the only improvements i see:
- no hanger
- flat top chain
- cool jocket wheel
worth the price and having to deal with batteries? in my eyes absolutely not ... heck if at least it had di2 battery life. but tbh 1x is so reliable i dont really get the point of batteries.
Cabling through headset is not a good move.
I hope product supports 9-12 gears.
It'll be possible with a simple software update.
(They'll also sell the cage and pulley separately)
Then I'm willing to use it !!
The advantage? Very unclear. One can forget the claim that this shifts better than yesterday's SRAM (or Shimano), it is just fluff, not to mention that Bike Rumor says that Transmission shifts SLOWER than Eagle AXS. What else? Strength? That again has nothing to do with the shifting system?
So ... go ahead? spend $1600 for nothing?
If you "choose" to do this and you don't "make sure", you are an idiot and deserve to f*ck your shit up.
other then that looks dope, waiting for GX version
And those prices.....some people must love wasting money on such small "gains"
Just get a bike that supports UDH. Then you have the choice as normal.
Skepticism over this new system is totally understandable - I'm very curious to see how it fares once more people get on it in the real world. In my experience, and in talking to other test riders, it definitely works as intended.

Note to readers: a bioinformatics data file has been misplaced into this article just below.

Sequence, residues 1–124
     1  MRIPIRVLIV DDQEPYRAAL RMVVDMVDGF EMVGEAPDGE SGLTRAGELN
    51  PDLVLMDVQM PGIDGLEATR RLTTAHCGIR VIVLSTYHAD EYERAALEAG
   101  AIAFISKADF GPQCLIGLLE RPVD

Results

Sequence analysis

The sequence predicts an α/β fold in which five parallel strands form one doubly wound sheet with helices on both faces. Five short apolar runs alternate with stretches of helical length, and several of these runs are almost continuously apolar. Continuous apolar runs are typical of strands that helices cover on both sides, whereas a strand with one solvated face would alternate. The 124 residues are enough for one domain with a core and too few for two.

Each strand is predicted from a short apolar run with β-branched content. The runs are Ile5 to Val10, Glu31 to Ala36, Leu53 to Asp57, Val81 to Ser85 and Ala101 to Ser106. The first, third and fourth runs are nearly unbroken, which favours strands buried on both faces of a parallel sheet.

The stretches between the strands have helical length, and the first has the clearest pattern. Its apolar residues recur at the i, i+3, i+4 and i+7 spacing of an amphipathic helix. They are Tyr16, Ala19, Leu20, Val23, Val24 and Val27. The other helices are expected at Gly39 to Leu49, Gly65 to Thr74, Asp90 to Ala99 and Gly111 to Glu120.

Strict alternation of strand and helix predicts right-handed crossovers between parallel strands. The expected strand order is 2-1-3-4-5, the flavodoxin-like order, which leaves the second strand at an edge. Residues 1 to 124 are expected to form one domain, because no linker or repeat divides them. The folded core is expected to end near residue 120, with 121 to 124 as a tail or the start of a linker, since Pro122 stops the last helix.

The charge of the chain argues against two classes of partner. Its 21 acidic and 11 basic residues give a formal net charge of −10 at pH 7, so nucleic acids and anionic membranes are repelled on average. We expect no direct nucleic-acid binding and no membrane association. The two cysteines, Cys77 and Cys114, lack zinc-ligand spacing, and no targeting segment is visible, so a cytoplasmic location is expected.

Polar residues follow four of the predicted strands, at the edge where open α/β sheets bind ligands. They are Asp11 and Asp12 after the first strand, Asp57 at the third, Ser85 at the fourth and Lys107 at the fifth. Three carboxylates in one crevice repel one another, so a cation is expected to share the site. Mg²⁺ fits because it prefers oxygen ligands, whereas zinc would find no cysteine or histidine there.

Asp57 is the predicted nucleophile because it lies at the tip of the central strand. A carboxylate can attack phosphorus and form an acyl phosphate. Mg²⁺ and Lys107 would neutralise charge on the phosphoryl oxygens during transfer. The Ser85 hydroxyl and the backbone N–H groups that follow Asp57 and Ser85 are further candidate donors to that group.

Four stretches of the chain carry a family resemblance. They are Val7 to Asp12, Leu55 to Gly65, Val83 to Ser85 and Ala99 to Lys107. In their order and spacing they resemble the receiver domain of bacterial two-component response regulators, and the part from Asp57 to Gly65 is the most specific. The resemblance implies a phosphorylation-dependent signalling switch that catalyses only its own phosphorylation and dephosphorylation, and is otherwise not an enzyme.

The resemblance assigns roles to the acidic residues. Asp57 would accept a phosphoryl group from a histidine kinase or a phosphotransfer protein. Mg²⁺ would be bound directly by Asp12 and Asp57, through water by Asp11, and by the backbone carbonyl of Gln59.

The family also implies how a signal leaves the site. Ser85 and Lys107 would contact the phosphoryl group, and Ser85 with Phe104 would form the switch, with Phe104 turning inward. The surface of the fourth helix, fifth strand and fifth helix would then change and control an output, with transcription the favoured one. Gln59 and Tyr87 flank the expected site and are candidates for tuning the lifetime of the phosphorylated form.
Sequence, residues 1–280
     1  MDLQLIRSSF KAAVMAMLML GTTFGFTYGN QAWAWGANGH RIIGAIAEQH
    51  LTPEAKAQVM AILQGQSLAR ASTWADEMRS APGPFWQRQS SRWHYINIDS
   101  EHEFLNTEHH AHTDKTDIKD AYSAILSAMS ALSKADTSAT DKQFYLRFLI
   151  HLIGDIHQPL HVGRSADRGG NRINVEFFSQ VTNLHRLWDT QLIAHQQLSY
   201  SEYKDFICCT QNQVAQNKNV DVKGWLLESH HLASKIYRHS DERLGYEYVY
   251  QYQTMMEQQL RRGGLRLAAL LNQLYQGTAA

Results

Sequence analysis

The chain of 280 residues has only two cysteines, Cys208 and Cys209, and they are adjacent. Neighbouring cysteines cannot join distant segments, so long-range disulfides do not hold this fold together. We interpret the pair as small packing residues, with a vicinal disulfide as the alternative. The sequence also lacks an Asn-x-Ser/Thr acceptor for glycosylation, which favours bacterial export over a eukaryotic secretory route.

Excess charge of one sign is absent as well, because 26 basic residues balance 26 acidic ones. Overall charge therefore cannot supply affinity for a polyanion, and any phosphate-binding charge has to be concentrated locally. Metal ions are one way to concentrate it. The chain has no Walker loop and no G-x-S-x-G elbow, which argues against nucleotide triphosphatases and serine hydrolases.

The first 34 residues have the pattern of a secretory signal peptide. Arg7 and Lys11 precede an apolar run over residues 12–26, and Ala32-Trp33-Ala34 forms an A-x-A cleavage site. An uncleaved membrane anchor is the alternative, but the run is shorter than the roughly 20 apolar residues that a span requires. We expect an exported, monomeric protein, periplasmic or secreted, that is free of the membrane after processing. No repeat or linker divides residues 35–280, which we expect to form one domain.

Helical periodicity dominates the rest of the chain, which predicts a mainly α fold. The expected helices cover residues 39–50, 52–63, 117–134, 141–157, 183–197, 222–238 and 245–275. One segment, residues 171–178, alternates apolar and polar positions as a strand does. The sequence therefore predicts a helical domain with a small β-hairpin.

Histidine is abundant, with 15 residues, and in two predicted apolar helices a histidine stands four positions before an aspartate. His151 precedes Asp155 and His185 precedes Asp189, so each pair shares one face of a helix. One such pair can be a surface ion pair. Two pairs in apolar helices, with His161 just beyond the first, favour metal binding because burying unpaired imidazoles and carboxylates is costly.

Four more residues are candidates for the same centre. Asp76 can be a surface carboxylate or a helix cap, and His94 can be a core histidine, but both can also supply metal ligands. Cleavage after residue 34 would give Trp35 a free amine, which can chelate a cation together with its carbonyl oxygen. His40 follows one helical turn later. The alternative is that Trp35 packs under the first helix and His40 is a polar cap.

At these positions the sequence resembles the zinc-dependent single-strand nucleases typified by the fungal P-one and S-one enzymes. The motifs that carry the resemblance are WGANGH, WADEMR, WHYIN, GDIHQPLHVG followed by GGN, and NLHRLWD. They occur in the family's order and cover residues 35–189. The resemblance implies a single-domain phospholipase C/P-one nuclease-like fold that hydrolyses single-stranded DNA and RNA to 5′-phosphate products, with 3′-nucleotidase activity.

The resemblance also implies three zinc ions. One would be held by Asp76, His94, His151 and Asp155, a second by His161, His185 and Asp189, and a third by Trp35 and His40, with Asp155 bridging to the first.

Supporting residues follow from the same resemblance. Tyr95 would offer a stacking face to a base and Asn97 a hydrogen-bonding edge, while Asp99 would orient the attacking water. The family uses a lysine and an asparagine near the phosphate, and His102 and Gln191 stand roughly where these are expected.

People are talking about the leverage forces exerted on the frame/axel when the derrailleur cage gets snagged on something. Standing on the axel proves nothing except your lack of understanding of basic physics.
Go stand on the cage, both of you. i'm waiting...
FYI, instead of paying the Aussie retail price for the XO1 kit, I can get a GX mech kit which can also take a hiding, and I can also buy a return ticket from Aus to YVR for the same money.
If, on the off chance I did break something like a new XO1 derailleur, replacing one of those will cost 1kAUD at a minimum.
I'm sorry but I have really read your entire review and it honestly doesn't provide me with a single reason to believe that the new SRAM stuff could in any way improve my enjoyment of riding my bike.
Shimano people: "I wonder when that chain I need won't be backordered anymore."
I wonder if we can sneak that new AXS on a shimano drivetrain?
XTR Di2 12speed UDH only too? or non UDH only! XTR Mechanical too?
the mechanism by which power is transmitted from an engine to the axle in a motor vehicle.
But here with these new Transmission components, what you're saying is that even though the system is designed around positioning the chainring 55mm from the frame's centerline, the way that lines up with the cassette is essentially the same as the prior 52mm chainline?
I guess why I said what I did is it feels a little scummy for SRAM to be able to influence frame design in such a way that only they will benefit from as far as new derailleur tech goes. They sure as shit aren't making the direct mount design open source so those who prefer Shimano won't benefit from the advance to direct mount. It feels like market manipulation.
Reminds me, I need a new spare $40 hanger for my non UDH frame...